Uljanik is a shipyard in Pula, Croatia, founded in 1856, in the carefully selected bay of Pula as a shipyard of the Austro-Hungarian navy. At the time it was the most modern shipyard in the world. The foundation stone was laid on 9 December, so that date is celebrated as the anniversary of the shipyard, among the oldest continuously operating shipyards in the world. Almost two years after laying the foundation stone – on 5 October 1858, the first ship – SMS Kaiser, with a deadweight of 5,194 tonnes, was launched. The construction of 55 ships of various types for the Austro-Hungarian fleet having a total of 53,588 metric tons deadweight (DWT) followed.
In the long period of continuous work, the shipyard passed through various development periods. During the Italian rule it was engaged in repairs, docking and cutting of old ships. After the fall of Italy during World War II it became a German naval base. From 1947 it was being renovated under the Socialist Federal Republic of Yugoslavia. It continued with the docking, reconstructions and repair of ships, with the first new vessel delivered in 1951. It developed engineering, electrical production and other operations.
In the 1990s, with Croatia, it became a joint-stock company (Uljanik d.d.) and continued with the shipbuilding production of different and special ships, and in the second half of 1998, it entered the period of great technological renovation. Currently it is a leading shipyard in the construction of multipurpose RORO (roll-on roll-off car and truck carriers) multipurpose ferries, car-truck carriers and oil, natural gas, propane and chemical carriers. It is the most active of Croatia’s 5 world class shipyards and ranked 49th in the world.
In the period from 1947 to the end of 1998, Uljanik delivered 194 newbuilds, totaling more than 6 million DWT, to buyers from all continents.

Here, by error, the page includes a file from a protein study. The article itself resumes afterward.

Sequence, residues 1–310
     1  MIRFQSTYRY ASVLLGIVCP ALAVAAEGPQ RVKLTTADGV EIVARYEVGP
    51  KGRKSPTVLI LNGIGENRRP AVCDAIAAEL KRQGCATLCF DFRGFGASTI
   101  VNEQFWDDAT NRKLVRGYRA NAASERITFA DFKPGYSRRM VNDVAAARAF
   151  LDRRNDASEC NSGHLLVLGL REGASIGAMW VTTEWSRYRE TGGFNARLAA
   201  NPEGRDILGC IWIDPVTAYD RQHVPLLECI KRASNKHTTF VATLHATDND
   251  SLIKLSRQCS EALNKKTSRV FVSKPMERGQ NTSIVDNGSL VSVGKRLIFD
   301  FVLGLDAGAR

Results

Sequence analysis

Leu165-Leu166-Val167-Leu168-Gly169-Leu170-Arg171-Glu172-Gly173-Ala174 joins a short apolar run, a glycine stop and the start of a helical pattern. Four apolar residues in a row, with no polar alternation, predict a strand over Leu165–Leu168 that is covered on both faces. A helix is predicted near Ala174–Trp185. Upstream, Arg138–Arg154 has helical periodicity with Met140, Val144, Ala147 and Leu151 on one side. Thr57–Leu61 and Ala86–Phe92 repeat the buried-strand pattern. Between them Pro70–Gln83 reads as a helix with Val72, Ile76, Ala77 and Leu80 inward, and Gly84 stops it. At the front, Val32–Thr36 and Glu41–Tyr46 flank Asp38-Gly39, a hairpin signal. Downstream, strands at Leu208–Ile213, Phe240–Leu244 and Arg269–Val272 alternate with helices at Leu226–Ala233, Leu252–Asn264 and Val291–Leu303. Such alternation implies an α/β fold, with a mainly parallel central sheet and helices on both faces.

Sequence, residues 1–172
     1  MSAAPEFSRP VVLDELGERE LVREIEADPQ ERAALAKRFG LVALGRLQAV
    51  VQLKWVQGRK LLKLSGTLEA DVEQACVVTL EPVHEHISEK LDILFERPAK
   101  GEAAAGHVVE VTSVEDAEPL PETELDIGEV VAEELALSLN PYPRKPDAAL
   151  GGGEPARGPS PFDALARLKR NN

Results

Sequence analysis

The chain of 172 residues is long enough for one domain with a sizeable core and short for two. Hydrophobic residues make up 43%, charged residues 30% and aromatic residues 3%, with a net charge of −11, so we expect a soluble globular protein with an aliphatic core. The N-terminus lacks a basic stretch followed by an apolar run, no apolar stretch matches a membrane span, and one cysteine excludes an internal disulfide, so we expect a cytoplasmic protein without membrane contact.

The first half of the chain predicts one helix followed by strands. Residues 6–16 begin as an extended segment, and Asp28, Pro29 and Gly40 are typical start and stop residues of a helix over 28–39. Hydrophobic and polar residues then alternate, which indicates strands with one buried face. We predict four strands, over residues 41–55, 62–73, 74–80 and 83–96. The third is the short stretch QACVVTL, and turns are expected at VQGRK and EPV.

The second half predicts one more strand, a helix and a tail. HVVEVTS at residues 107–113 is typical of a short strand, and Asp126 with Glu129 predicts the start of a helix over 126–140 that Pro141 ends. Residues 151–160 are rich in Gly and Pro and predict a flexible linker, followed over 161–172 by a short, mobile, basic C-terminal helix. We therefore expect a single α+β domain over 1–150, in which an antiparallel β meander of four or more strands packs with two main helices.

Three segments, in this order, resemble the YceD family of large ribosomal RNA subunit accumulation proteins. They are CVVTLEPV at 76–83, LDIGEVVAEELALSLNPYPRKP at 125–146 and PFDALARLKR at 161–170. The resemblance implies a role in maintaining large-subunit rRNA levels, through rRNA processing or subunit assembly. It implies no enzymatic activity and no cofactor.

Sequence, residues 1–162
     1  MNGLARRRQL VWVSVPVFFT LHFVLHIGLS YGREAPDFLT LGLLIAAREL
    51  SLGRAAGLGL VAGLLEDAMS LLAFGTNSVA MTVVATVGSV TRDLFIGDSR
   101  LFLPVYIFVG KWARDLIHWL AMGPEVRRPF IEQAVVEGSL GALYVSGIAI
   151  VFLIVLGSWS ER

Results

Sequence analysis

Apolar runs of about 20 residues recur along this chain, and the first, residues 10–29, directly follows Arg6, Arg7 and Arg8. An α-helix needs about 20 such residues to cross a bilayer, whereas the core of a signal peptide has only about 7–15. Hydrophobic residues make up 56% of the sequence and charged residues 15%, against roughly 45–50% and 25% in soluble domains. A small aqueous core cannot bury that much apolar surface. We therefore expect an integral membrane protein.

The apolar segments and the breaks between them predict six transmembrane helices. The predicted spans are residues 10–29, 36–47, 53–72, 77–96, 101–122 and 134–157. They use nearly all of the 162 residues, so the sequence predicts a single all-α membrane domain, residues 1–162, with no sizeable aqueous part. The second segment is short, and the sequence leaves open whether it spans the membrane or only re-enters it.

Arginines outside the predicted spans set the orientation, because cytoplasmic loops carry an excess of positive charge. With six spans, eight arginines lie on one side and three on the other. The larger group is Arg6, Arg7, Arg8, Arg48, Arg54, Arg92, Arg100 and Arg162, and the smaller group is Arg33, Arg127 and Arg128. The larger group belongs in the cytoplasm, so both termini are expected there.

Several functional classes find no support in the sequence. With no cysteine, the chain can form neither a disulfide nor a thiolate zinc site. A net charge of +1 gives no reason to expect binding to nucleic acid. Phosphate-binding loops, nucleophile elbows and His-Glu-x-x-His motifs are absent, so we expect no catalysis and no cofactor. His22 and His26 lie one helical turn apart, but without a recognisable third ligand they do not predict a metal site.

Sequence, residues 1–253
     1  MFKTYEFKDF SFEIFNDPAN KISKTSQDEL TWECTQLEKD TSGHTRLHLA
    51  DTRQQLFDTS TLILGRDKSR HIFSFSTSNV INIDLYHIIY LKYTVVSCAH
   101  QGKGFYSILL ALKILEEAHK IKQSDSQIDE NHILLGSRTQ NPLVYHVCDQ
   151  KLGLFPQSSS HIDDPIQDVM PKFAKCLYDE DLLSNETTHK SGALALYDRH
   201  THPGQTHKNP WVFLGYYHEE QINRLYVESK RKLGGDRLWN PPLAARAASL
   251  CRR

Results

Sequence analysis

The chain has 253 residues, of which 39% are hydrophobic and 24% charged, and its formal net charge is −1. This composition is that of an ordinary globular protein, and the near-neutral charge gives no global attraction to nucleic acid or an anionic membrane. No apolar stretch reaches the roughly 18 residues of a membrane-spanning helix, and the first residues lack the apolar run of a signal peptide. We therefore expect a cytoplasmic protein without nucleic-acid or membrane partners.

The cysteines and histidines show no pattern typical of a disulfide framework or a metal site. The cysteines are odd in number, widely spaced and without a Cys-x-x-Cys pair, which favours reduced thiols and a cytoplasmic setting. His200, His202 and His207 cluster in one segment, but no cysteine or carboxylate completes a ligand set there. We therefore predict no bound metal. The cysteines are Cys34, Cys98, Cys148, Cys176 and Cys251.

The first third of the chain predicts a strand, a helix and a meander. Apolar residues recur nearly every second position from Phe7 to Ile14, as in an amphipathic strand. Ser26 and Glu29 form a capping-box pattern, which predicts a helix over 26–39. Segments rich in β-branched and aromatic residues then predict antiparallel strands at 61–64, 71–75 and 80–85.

With the novel VLCC vessel design, Uljanik developed the technology of building a hull in two parts and then joining them afloat. In the period from 1972 to 1976, 11 ships were built using this method, the biggest among them being the Tarfala of 275,000 DWT for the Stockholm based company Gränges AB, and Kanchenjunga of 277,120 DWT delivered to the Shipping Corporation of India in 1975.
Two of the most notorious ships built at Uljanik are the MS Berge Vanga and MS Berge Istra. Both were combination oil and iron ore transports of 227,912 DWT and 227,550 DWT, respectively. Both ships were lost, in the South Atlantic and Pacific, respectively, to unknown causes in the late 1970’s while transporting iron ore from Brazil to Japan. It is believed that the ships suffered ore explosions in their cargo holds due to oil residue. Only two Spanish crew members survived the MS Berge Istra sinking off Mindanao. There were no survivors of the MS Berge Vanga sinking. Missing crew members included Croats from the towns surrounding Uljanik and the city of Pula.
Uljanik is named after the small islet on which it was built. The islet used to be covered with olive trees, harvested to make olive oil, “ulje” in Croatian.
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